by Avi Davis and Michael Lotus
Every second Monday in October in the United States, the banks close, the post office shuts down, federal services are unavailable and many local public services cease to operate. It is the day in the calendar designated by our government to celebrate Christopher Columbus’ first landing in the New World.
Many American citizens believe that the public holiday marks the discovery of the land mass which would come to be known, three hundred years later, as the United States of America.
This is not true. Christopher Columbus, in none of the four Atlantic voyages of discovery he undertook from the Kingdom of Spain, ever set foot on the continent of North America. The date October 12, 1492 only marks the day upon which he discovered an island off the coast of Cuba in the Caribbean – which some consider present day San Salvador Island and others consider Samana Cay.
What, in fact, we truly celebrate on the second Monday of October each year is not the discovery of the American continent(s) but rather the joining of the Old and New Worlds – for this essentially marks the modern beginnings of what was to become known as the Western world.
The sudden opening to Europeans of the Western Hemisphere, and the contemporaneous discovery of sea routes to Asia, is one of many links in the chain of causation that led to the modern world. These sea voyages were essential early steps on the near-miraculous steps by which agrarian mankind escaped from the Malthusian trap of pre-industrial civilization which offered a finite consumption of resources and no exit. The once-in-history escape from this fate is therefore referred to by Ernest Gellner and Alan Macfarlane as’ The Exit,’ which originated in England and was then adapted to local conditions and replicated around the world.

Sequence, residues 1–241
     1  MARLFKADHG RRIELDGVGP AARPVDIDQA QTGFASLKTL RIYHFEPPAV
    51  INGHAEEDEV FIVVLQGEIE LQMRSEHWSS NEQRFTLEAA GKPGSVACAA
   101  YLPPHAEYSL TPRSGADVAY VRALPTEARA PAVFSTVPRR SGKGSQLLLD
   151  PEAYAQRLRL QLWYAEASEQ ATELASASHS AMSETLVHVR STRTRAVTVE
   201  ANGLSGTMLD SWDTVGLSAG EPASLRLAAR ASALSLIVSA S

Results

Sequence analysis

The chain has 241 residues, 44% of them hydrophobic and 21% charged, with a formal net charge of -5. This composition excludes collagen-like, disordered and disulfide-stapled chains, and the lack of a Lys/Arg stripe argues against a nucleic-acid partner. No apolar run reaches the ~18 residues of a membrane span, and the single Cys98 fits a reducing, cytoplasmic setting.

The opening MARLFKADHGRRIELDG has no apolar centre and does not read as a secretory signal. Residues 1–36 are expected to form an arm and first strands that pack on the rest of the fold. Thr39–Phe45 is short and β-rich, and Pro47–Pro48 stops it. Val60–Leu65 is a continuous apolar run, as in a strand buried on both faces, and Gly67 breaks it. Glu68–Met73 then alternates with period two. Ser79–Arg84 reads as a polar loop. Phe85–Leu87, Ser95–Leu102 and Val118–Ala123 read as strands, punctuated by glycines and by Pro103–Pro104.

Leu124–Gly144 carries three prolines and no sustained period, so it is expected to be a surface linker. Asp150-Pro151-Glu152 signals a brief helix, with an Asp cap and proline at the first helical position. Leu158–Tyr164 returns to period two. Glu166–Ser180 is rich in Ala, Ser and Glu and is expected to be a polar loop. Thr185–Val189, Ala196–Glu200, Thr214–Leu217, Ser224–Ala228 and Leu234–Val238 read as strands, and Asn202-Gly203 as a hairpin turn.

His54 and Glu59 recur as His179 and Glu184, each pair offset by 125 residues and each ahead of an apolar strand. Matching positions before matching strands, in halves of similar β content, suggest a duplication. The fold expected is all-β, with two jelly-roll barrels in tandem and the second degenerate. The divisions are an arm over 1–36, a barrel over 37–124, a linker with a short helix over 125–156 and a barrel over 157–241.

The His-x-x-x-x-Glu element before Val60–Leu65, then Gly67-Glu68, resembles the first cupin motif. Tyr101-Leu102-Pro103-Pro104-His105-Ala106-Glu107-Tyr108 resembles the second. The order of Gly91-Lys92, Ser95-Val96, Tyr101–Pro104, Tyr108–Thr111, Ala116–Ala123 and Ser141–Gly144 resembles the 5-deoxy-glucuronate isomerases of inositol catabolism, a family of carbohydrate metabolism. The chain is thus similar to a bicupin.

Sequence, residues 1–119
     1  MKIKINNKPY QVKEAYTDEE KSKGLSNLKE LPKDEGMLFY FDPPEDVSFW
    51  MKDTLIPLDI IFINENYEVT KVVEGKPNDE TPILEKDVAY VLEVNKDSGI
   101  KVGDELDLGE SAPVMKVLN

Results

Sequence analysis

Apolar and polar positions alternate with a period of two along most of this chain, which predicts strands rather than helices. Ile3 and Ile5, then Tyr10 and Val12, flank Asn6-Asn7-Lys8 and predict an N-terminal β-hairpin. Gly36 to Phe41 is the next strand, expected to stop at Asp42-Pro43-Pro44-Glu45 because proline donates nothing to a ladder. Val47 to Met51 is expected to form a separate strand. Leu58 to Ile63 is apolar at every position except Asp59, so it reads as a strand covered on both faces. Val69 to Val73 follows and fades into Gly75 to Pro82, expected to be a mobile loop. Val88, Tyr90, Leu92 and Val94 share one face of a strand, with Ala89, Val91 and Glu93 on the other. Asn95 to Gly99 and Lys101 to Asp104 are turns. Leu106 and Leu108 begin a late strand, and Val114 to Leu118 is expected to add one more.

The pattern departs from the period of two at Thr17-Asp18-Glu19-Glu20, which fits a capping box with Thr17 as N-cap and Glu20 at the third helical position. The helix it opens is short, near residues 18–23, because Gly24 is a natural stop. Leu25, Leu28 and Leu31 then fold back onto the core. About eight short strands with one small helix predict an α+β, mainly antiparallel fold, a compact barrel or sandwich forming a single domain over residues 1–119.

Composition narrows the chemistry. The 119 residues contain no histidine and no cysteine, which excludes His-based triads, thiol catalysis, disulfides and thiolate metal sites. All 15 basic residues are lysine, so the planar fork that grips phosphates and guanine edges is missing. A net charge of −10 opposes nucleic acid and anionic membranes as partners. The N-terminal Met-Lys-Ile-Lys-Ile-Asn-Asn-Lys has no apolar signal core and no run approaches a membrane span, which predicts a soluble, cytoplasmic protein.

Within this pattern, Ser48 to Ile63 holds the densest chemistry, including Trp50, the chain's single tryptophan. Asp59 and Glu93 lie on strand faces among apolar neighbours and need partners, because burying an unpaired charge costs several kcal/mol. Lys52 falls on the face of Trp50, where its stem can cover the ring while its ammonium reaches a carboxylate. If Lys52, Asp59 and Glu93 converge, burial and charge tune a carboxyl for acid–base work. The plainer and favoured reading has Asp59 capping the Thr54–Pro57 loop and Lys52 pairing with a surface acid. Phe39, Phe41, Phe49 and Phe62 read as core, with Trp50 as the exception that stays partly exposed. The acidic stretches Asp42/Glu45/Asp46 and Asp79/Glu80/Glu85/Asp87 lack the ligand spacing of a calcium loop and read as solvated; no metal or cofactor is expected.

Another way to describe this unique and world-transforming change is, in Jim Bennett’s words,” the triumph of production over predation.” In a post-Exit world, exploitation of other humans beings, by slavery and other more subtle means, no longer became the primary path to wealth and power.
Would the Exit have occurred without the linking of the Old World with the New?
We can never be sure. Similarly, we can’t say for certain that the particular combination of history, technology, and geography that led the British Isles to become the driving force for the European Exit was either inevitable or would never be duplicated in another place or time.
What is clear, however , is that the chain of events set in motion by Columbus, Cabot, Verrazzano, Cartier and Jolliet and the other European explorers, resulted in a shift of populations from one hemisphere to another – populations which would inevitably be linked by common heritage, law and language and creating a network of trade and cultural exchange which has survived to this day.
A further detail worth mentioning on Columbus Day is the observation that we in the Anglosphere may be celebrating the wrong Italian. That is because there were really four European discoveries and settlements in the Western Hemisphere – a Spanish one -in the Caribbean and Mexico ( as well as points further south); a Portuguese one in Brazil; a French one in the valleys of the St. Lawrence and Mississippi Rivers and an English one along the eastern coast of North America. In this regard, we should not forget that the explorations of John Cabot (Giovanni Caboto), on assignment from the King of England in 1497 were the first recorded English commissioned incursions into North America.
So, while giving Columbus his due for uniting the Old and New Worlds, let us also celebrate the achievements of the Venetian sailor John Cabot, commissioned by Henry VII of England, whose discoveries led to the planting of the Anglosphere in the New World — which, in turn, led in turn to America 1.0, America 2.0 and then America 3.0, which is now struggling to be born.